Inside Google’s culture of relentless self-surveying

June 26th, 2013 / No Comments »

By Tim Fernholz

When Google recently admitted that the baffling brainteasers it posed to interviewees were utterly useless at predicting which ones would make good employees, it was another example of the power of what Google calls “people analytics”—the mixing of Big Data with management science to come up with smarter ways to work.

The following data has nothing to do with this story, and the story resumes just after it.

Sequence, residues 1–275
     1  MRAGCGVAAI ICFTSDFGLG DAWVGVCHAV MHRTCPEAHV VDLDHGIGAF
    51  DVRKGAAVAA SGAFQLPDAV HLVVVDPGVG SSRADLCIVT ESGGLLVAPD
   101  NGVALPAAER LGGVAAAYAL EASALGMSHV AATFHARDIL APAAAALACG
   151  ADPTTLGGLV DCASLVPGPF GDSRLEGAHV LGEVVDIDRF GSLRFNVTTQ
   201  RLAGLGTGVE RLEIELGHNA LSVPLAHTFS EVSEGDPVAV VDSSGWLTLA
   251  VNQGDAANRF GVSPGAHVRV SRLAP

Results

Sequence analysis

The company’s obsession with human data is perhaps best known for producing the rule that no employee should sit more than 150 feet (46 meters) away from a micro-kitchen, and that in those kitchens the chocolate M&Ms be kept in opaque jarswhile healthier food is in clear containers, to encourage healthy eating habits. Google’s often controversial culture of omniscience about its users is mirrored, inside its posh campuses, by a team of industrial-organizational psychologists, behavioral economists, consultants and statisticians who survey and experiment with Google’s staff…….